New testers tend to be preoccupied with the motions of the test. They’ve studied methods for identifying boundaries, and know the importance of negative tests. If they have been diligent, they even know to test error handling and recovery. Still, the bright but inexperienced tester often stops a step short of actually knowing whether the test passed or failed.
Let’s look at an example: Testing that an element can be saved to a database. You prepare the element, save it, and the application displays a happy message saying that the element was saved. Done, test passed! Right?
The experienced tester, of course, would not think of stopping there. All you have tested so far is that you get feedback when saving to the database. And you haven’t even tested that it’s the correct feedback. If the save happened to fail behind the scenes, you’d actually have a much more serious issue – the dreaded silent fail. And, of course, you haven’t tested what you said you would test: That the element was saved to the database.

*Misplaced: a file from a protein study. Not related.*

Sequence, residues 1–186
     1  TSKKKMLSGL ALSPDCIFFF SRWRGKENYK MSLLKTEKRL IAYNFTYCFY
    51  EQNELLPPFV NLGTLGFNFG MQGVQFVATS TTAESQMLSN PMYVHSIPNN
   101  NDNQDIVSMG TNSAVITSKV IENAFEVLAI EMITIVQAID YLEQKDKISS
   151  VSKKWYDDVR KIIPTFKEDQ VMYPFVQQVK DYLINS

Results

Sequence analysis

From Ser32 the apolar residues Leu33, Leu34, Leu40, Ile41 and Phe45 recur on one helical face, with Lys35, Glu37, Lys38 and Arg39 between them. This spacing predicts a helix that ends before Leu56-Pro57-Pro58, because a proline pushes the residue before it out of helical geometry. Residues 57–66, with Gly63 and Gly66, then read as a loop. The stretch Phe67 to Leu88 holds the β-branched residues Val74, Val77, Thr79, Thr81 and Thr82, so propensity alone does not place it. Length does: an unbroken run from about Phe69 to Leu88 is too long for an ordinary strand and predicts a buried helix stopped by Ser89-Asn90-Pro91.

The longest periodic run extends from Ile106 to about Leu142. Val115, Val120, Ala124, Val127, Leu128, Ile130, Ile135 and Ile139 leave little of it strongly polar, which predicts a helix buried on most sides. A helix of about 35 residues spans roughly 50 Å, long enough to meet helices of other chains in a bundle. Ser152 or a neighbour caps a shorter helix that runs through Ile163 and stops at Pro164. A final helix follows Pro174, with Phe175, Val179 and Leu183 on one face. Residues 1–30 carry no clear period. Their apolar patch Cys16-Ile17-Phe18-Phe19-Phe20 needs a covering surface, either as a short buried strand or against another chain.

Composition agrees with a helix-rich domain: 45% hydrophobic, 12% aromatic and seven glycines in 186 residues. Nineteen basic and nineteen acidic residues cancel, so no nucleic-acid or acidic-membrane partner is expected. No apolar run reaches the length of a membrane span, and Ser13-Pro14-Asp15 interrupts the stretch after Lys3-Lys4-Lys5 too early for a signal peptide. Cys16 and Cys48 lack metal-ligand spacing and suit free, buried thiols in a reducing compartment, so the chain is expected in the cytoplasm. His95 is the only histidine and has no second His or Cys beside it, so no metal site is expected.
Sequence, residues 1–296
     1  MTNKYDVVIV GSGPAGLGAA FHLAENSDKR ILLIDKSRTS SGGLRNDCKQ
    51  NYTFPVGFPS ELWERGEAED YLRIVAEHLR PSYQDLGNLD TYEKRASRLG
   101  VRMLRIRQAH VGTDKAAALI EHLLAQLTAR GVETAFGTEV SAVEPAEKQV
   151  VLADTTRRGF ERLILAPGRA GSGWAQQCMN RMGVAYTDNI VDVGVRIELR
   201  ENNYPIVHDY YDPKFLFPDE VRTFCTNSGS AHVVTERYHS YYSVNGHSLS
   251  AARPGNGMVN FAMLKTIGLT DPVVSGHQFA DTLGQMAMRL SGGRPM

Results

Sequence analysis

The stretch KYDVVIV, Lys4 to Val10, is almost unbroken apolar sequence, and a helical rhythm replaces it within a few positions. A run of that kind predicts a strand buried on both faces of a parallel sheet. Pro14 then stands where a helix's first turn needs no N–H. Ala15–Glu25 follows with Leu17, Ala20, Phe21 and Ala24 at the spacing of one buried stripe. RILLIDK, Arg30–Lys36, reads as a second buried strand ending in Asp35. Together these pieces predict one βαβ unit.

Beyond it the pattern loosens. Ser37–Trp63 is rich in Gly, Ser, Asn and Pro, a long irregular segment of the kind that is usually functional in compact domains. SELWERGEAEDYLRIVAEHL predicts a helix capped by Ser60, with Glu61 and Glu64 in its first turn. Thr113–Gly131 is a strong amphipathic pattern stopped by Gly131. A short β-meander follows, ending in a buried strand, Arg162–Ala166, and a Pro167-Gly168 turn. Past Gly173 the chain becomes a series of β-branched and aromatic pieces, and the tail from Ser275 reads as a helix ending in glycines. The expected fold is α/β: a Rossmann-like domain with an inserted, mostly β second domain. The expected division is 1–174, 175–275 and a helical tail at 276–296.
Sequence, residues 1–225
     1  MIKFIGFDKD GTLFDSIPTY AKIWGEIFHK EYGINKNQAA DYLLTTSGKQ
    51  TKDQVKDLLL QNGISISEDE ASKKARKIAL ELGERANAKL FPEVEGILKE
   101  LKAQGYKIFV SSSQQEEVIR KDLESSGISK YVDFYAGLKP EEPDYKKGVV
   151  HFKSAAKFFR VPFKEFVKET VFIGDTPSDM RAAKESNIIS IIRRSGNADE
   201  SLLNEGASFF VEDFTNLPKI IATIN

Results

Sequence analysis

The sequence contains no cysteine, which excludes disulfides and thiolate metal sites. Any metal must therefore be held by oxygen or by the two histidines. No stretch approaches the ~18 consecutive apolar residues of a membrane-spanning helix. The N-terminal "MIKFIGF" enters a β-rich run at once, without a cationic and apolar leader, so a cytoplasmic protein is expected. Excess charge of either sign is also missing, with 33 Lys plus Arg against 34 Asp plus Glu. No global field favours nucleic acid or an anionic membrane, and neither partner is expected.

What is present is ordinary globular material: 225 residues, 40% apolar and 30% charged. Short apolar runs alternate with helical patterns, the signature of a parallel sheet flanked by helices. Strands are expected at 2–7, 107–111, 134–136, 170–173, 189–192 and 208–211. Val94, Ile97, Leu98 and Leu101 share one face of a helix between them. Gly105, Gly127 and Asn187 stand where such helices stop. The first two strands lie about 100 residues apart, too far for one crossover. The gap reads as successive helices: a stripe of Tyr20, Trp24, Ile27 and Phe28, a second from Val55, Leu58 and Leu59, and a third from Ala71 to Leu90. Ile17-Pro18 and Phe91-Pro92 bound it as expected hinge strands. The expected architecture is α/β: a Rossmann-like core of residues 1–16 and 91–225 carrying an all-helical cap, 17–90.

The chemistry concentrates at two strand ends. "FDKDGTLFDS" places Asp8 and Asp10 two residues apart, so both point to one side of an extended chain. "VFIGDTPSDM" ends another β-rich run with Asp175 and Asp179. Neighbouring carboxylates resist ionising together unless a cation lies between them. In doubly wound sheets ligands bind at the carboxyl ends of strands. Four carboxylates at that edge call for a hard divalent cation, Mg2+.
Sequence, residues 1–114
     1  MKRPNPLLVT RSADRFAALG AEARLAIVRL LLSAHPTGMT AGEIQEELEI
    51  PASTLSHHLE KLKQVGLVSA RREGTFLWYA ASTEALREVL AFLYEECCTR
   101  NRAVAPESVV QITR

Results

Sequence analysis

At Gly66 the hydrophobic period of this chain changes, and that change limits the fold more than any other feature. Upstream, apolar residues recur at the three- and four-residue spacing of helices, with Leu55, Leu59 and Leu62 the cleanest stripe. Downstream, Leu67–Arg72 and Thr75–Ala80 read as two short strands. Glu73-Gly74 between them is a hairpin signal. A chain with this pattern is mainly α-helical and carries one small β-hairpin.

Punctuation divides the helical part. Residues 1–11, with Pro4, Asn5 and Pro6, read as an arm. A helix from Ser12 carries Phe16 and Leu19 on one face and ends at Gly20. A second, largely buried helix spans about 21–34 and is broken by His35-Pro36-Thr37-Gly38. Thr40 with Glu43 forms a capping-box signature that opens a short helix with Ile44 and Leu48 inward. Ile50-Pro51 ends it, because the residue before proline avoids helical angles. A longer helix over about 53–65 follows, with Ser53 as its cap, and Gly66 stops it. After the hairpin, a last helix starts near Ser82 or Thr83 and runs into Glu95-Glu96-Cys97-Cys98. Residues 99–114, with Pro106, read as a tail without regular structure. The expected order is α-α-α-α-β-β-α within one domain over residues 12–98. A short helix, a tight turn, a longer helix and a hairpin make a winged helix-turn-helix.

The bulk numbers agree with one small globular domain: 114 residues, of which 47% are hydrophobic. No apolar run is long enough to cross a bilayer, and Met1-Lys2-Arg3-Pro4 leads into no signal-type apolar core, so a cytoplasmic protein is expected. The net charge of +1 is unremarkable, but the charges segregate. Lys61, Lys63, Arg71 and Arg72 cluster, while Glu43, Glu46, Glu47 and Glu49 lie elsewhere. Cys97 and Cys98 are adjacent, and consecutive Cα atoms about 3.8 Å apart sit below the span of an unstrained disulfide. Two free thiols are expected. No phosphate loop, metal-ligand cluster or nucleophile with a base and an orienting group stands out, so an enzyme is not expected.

For every test you perform or design, whether manual or automated, the most important question you can ask yourself is: “Does this really prove to me that the application did what I am trying to test if it does?”
For the database example, there are multiple ways to complete the test. You can simply reopen the saved element, or you can continue by using the element in a new operation that needs to read and use the element to work. Or you can inspect the element directly in the database. What you choose to do will depend on the application itself – for example, if it caches elements, reopening the element may not be proof enough. It’s up to you to know what is proof enough.